There’s the vast majority of UK politicians I just detest, the small minority (no more than 25-30) that I like or admire, and then there are The Illusionists.
Among the illusionists (and you all know who you are) there are the Bible-thumping nitwits (May), the ideologues (Harman, Phillips, Corbyn, McDonnell, Cable, Swinson, Lammy, Clarke, Green), the pragmatic nasties (Hunt, Hammond, Cameron and Gove). In a Group of his own with May is the roguish illusionist Johnson. He is roguish solely in that he doesn’t just manage to depict things that aren’t there before making them disappear, he also gives off the stunning illusion of being just like us, viz: a straight-talking Honest BoJo and rather lovable really.
Then there are the whining cynics like Yvette Cooper. The one MP in the Commons who’s illusions are even more cynical than hers (in that he knows they’re a cheap trick, whereas Mrs Balls is not always sure) is Ian Blackford, the SNP’s Westminster leader.
I choose this picture of him, because it’s his signature facial expression while speaking. You can almost hear the sound of “Oooooooooor” being emitted. For it is Mr Blackford’s firm conviction that everything good in Blighty is Scottish.
“Thas oyerrrl is oooooooors, an’ weeeer sack of haven the Anglish take away oooooor haritadge, rooooolan ovva azz and noooo denyan the Scorrrtash peepol their right ti remain in tha Yorropeeen Yoonyon. Scorrtland votted oooorwhalmingly to stay an tha Eooyoooo an’ we dimand worts ooooors [etc etc etc]”.
Ian’s greatest illusion is his léger de main when it comes to being the leader of the majority Scottish Independence Party by seats that is and remains unable to get a majority of Scots to, um, vote for independence, as it were and so to speak.
Almost as dishonest is his contention that he speaks for seats that generally have one thing in common: they are small, largely on account of not that many people wanting to live in Scotland. Blackford’s Party won 56 seats in 2017 based on 4.7% of the votes. In the context of UK representational democracy, that is a ludicrously high share of the seats in the Westminster Parliament: the LibDems two years ago polled 7.9%, and got just 8 seats.
So you’d think Blackadder might be a wee bit more appreciative of the amount of coverage he gets compared to Jo Swinson – especially when one factors in the fact that the Scots have their own Parliament as well where the Sassenachs don’t, er, get any seats at all.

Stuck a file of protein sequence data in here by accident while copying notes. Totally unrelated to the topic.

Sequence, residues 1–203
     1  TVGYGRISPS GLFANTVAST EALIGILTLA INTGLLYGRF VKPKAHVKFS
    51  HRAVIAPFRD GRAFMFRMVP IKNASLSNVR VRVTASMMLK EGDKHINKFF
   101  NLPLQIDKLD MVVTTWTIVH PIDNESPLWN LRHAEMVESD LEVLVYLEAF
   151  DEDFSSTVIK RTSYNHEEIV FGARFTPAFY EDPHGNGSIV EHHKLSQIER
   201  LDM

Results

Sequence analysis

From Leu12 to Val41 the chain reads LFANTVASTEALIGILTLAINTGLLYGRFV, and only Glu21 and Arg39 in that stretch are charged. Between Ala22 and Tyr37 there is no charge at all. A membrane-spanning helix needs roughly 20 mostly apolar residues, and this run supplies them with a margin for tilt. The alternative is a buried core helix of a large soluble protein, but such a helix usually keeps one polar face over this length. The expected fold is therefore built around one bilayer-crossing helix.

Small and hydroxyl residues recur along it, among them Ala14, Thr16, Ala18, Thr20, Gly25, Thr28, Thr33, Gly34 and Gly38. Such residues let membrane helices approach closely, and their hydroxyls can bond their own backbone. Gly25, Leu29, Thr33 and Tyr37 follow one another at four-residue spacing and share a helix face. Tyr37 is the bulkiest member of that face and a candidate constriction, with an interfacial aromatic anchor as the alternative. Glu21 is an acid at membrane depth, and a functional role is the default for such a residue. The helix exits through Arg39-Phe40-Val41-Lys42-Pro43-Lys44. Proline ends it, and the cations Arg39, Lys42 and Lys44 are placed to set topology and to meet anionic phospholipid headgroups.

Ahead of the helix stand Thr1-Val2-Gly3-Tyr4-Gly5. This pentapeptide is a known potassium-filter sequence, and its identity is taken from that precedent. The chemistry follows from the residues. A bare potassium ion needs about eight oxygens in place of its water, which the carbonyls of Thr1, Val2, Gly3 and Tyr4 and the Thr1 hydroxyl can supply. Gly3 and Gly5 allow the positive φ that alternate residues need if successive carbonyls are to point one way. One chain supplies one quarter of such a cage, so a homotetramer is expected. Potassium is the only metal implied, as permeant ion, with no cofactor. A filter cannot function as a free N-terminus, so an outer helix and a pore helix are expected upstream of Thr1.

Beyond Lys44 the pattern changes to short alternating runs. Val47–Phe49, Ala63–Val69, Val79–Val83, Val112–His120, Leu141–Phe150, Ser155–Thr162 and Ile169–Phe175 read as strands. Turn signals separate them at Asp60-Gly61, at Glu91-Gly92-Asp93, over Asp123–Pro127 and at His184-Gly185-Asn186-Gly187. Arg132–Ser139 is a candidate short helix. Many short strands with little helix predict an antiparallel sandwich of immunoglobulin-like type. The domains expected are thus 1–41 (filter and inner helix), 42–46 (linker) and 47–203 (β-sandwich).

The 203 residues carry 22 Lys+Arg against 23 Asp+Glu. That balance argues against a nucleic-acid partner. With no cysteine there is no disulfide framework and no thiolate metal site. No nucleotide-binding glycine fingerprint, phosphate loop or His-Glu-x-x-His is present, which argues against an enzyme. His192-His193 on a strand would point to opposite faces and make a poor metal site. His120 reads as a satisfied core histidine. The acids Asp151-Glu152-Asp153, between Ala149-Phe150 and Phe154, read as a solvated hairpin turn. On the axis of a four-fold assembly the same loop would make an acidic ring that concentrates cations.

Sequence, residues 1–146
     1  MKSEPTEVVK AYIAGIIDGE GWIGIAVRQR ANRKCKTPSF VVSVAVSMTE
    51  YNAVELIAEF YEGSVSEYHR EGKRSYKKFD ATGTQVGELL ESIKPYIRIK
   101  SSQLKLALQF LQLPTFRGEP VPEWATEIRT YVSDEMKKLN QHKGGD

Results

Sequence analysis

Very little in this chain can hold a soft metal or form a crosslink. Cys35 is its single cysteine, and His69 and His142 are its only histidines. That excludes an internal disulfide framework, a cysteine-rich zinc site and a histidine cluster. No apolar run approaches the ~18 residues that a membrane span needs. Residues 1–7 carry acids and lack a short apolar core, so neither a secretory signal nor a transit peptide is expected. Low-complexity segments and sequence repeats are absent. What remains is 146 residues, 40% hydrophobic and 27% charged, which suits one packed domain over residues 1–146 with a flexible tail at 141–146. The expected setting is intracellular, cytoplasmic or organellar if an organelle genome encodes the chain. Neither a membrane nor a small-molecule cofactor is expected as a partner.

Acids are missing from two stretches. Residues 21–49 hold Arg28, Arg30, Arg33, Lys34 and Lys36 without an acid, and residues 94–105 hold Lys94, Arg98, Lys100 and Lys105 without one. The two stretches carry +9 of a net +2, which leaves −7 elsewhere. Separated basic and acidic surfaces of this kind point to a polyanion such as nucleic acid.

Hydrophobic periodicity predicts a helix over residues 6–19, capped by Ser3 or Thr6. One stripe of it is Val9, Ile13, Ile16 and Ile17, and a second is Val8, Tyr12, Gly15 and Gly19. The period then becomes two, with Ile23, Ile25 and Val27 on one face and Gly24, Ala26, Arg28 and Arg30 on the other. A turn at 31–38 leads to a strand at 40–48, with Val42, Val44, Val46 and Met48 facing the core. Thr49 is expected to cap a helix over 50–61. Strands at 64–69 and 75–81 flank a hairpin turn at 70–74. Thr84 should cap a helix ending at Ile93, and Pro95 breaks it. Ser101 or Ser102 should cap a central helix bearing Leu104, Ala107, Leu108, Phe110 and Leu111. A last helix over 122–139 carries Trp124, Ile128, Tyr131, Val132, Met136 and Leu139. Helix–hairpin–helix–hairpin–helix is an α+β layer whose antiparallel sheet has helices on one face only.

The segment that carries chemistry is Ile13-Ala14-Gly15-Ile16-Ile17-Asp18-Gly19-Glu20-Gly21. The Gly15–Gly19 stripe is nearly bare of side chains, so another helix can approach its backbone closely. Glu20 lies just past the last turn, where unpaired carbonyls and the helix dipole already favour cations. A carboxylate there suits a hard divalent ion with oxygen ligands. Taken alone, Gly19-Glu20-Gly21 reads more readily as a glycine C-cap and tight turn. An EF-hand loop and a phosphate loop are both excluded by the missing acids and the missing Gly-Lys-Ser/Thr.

But not a bit of it: Ooooor Eeeen is a skilled conjuror when it comes to the subject of the democracy thing….especially regarding the question of who has the best public seal of approval. Ian Blackford is a performing seal for the delectation of the public, but that’s something entirely different.
In The Scotsman yesterday, he said a No Deal Brexit “would trample on democracy”. I’m not going to go over the same trampled ground again beyond repeating the obvious: 52% beats 48%. Inability to recognise that, Ian, is defaecating on democracy.
This is what the Rotund One told The Times on Monday this week (my red highlights):
“We need to reflect on the fact that Boris Johnson has become prime minister on the votes of Conservative members of parliament,” Mr Blackford said. “He doesn’t have a mandate from the voters and at no point was the proposition put forward that we would be leaving the European Union on a no-deal basis.
“He needs to be stopped and I’m appealing to parliamentarians this week to recognise the responsibility collectively that we’ve all got that when we get back to parliament next week, we have to move fast. We are up against a government that are prepared to crash the bus and they must be stopped.”
The above is a delightful example of the illusionist’s art, but it is painfully easy to deconstruct.
- Johnson was not elected Party leader by MPs alone: he was also elected by some 56,000 Conservative Party members. Blackford knows this perfectly well. But as the old adage has it, Any Lie Will Do.
- According to the YouGov Research Organisation, Boris Johnson is and has been the most popular Tory politician in Britain for some time. Opinium research showed that, during the leadership election, he had the support of over two-thirds of Tory voters.
- That does not of course make him a real Prime Minister: although Blackford’s motives are steered by other interests, mine is merely for approval to be recognised by a majority of voters. Once again, 52% beats 48% in a majority democratic system. But according to a YouGov poll for The Sunday Times, Mr Johnson’s Conservative party has 33% of voting intentions, while Corbyn Labour has just 21%. Under Corbyn, Labour is unelectable as a majority Party: views on BoJo are as always mixed, but he enjoys far more public approval than Jeremy of Nazareth.
- Ian’s ‘at no point’ thing on No Deal during the Referendum simply doesn’t hold water. All Parties in 2016 assumed No Deal as a default position – indeed, the SNP used that at the time as a scare factor. After the referendum and the coronation of Theresa May, 80% of MPs voted for No Deal as the default option.
- The call-to-arms of being “up against a Government prepared to crash the bus” is just another analogical expectation based on nothing: Project Fear at its worst, devoid of supporting data and – on every occasion when challenged – proven to be, funnily enough, an illusion.
What one doesn’t hear often about Ian Blackford is that he is a banker. He worked as an analyst with NatWest Securities, before winding up at Deutsche Bank in 1999. Blackford ran Deutsche Bank’s equity operations in Scotland and the Netherlands.
SNP Westminster leader or not, Blackford is a globalist. He wants Scotland to be “independent” but in the biggest, most federalist anti-democratic trading bloc he can find.
He doesn’t care a fig for the UK. He is just another financialiser, manufacturing bollocks in order to stop a democratically elected Brexit.